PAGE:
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UN slaps new sanctions on Iran

Latest update : 2008-03-04

The UN Security Council imposed a third round of sanctions on Iran for refusing to suspend sensitive nuclear activities. The sanctions add to resolutions adopted in 2006 and 2007.

UNITED NATIONS, March 3 (Reuters) - The U.N. Security
Council imposed a third round of sanctions on Iran on Monday
for refusing to suspend sensitive nuclear activities.
 

There were 14 votes in favor, no votes against and one
country, Indonesia, abstained.
 

Tehran denies Western charges it seeks nuclear weapons and
has ignored three previous Security Council resolutions
demanding it freeze its uranium enrichment program, which can
produce fuel for nuclear power plants or atomic weapons.
 

The five permanent council members -- the United States,
Britain, France, China and Russia -- and Germany, which is not
on the council, agreed in Berlin on Jan. 22 on a draft text
outlining a third round of sanctions against Tehran.
 

Washington had hoped for a swift vote on the sanctions text
but negotiations dragged on for a month and a half until
Monday's meeting of the 15-nation council, which adopted the
resolution.
 

Libya, Vietnam and South Africa, as well as Indonesia, had
expressed reservations about the resolution, but vigorous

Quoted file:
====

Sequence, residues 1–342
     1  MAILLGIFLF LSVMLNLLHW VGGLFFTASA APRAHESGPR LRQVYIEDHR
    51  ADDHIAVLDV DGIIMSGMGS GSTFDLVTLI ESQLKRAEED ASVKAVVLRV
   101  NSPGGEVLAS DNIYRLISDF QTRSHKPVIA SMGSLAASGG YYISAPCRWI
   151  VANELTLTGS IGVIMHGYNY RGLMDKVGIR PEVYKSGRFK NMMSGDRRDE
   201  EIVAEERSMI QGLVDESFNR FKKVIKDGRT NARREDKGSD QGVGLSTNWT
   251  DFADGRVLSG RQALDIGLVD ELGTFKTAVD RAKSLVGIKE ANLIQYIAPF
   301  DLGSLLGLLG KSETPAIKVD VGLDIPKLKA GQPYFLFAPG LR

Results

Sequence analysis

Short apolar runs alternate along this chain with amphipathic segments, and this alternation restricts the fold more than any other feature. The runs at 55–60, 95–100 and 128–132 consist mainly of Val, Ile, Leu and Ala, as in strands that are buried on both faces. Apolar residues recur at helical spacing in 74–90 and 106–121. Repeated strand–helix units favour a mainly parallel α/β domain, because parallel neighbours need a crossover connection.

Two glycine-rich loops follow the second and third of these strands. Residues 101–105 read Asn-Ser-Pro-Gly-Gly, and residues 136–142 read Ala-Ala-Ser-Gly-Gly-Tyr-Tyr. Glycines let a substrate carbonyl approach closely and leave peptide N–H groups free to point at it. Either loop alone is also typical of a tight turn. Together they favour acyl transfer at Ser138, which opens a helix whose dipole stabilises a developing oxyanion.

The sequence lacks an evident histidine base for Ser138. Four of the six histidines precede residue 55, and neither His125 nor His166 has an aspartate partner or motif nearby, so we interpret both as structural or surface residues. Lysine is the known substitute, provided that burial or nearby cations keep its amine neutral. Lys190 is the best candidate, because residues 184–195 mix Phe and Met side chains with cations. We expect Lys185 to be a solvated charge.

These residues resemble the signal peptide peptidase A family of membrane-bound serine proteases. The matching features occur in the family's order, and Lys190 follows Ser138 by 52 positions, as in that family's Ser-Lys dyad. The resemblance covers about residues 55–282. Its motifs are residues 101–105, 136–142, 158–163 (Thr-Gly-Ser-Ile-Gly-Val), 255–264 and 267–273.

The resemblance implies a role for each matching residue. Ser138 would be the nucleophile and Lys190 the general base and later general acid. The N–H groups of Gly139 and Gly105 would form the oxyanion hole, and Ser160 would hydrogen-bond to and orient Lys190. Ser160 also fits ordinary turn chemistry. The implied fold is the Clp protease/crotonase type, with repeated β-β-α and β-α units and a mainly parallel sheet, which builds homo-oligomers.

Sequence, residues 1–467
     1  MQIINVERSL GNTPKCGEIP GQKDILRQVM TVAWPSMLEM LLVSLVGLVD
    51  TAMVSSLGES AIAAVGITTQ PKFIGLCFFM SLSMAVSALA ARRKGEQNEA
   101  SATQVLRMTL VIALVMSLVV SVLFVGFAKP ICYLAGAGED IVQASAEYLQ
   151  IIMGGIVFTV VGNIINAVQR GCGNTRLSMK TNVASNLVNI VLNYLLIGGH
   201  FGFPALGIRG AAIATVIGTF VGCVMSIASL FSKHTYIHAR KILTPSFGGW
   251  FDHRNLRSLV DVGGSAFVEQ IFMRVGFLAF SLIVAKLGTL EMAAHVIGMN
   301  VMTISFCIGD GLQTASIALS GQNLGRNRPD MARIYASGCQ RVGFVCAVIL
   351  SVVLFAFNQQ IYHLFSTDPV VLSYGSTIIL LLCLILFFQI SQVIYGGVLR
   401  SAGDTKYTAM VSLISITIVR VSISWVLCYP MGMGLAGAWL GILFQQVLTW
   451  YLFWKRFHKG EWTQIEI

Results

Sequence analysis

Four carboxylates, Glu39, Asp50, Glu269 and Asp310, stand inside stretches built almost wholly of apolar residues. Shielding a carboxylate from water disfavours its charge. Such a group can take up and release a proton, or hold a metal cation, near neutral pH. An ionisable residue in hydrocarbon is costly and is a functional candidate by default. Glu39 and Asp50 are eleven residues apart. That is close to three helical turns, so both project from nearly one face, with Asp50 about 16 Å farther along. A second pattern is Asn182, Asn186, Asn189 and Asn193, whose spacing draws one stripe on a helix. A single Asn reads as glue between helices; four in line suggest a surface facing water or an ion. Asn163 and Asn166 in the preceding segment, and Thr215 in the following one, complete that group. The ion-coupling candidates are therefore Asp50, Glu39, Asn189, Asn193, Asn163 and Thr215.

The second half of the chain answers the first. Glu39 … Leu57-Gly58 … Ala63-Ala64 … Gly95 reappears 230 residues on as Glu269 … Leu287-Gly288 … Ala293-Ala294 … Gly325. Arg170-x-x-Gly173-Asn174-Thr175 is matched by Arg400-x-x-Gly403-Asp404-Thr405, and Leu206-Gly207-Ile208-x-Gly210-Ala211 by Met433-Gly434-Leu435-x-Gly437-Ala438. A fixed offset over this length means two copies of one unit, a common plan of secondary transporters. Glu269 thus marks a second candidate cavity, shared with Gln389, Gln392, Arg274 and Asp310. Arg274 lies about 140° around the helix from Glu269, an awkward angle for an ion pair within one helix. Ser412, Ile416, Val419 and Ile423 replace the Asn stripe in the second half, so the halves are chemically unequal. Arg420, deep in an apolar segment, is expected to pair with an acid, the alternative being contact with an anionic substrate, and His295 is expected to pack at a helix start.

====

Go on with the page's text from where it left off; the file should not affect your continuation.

Western lobbying managed to persuade all except Jakarta.
 

Iran dismissed the resolution as a violation of
international law and said it only harmed the Security
Council's credibility.
 

"The credibility of the Security Council ... is readily
downgraded to a mere tool of the national foreign policy of
just a few countries," Iran's U.N. ambassador, Mohammad
Khazaee, told the council.
 

He reiterated Tehran's position that its nuclear program
has always been peaceful and that the current and past U.N.
sanctions resolutions against Iran lack any legal basis.
 

In a statement on behalf of the five permanent members and
Germany, British Ambassador John Sawers told the council the
group wanted EU foreign policy chief Javier Solana to meet
Iran's chief nuclear negotiator Saeed Jalili to try to resolve
the nuclear impasse.
 

STRONG MESSAGE
 

It has been clear since January that the new sanctions
would be approved, since they had the backing of all five
permanent council members and six non-permanent members.
 

But the resolution's European co-sponsors -- Britain,
France and Germany -- were anxious to send the strongest
possible message to Tehran by getting as close to a unanimous
15-0 vote as they could.
 

South Africa, Libya, Indonesia and Vietnam had all
questioned the wisdom of imposing further sanctions on Iran at
a time when the U.N. nuclear watchdog in Vienna says Tehran's
cooperation with U.N. inspectors has improved significantly.
 

The resolution calls for more travel and financial
restrictions on named Iranian individuals and companies and
makes some restrictions mandatory. Two earlier sanctions rounds
were approved unanimously in December 2006 and March 2007.
 

Diplomats describe the third sanctions resolution as a
moderate tightening of the screws from the two previous ones.
They said this was the most Washington could get after a
surprising U.S. intelligence report released in December said
Iran had scrapped its atom bomb program in 2003.
 

But the U.N. nuclear watchdog is taking seriously new U.S.
intelligence that Washington shared with it on alleged Iranian
nuclear bomb activities, and Western diplomats said that would
make it more difficult for states to vote against sanctions.
 

Khazaee dismissed the U.S. intelligence as "baseless."
 

Date created : 2008-03-03

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